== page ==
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[Being one of the greatest logicians of all time, it is not surprising that Bertrand Russell is rather more tolerant of the mischief that logic causes when applied outside its proper sphere than most of us would be. He was always testing its limits, and doubtless always hoping that more could be accomplished by analytical thinking than less brilliant, but more sensible, minds would expect. Alas, Russell commentator Alan Wood concluded that, ‘The general trend of Russell’s thought led to results directly opposite to those he hoped to reach.’]

It must be conceded to begin with that the argument in favour of the existence of other people’s minds cannot be conclusive. A phantasm of our dreams will appear to have a mind—a mind to be annoying, as a rule. It will give unexpected answers, refuse to conform to our desires, and show all those other signs of intelligence to which we are accustomed in the acquaintances of our waking hours. And yet, when we are awake, we do not believe that the phantasm was, like the appearances of people in waking life, representative of a private world to which we have no direct access. If we are to believe this of the people we meet when we are awake, it must be on some ground short of demonstration, since it is obviously possible that what we call waking life may be only an unusually persistent and recurrent nightmare. It may be that our imagination brings forth all that other people seem to say to us, all that we read in books, all the daily, weekly, monthly, and quarterly journals that distract our thoughts, all the advertisements of soap and all the speeches of politicians. This may be true, since it cannot be shown to be false, yet no one can really believe it. Is there any logical ground for regarding this possibility as improbable? Or is there nothing beyond habit and prejudice?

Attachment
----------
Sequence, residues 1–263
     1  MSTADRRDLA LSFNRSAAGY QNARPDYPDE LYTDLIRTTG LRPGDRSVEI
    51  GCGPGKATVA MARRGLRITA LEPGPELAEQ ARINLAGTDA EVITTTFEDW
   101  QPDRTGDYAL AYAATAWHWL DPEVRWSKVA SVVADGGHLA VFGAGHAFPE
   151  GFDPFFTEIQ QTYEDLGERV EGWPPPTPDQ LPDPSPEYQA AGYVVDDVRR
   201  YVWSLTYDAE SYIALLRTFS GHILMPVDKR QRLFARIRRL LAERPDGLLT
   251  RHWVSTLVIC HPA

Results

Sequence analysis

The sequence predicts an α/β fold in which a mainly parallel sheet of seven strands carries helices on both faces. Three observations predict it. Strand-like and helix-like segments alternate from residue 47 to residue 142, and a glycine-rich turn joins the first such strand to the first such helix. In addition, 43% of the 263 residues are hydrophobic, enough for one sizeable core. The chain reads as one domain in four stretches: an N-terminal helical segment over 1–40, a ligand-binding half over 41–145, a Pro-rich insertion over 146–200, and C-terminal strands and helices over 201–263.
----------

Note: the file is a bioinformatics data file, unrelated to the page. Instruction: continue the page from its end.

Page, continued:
The minds of other people are among our data, in the very wide sense in which we used the word at first. That is to say, when we first begin to reflect, we find ourselves already believing in them, not because of any argument, but because the belief is natural to us. It is, however, a psychologically derivative belief, since it results from observation of people’s bodies; and along with other such beliefs, it does not belong to the hardest of hard data, but becomes, under the influence of philosophic reflection, just sufficiently questionable to make us desire some argument connecting it with the facts of sense.

Bertrand Russell (from Our Knowledge of the External World, 1914)

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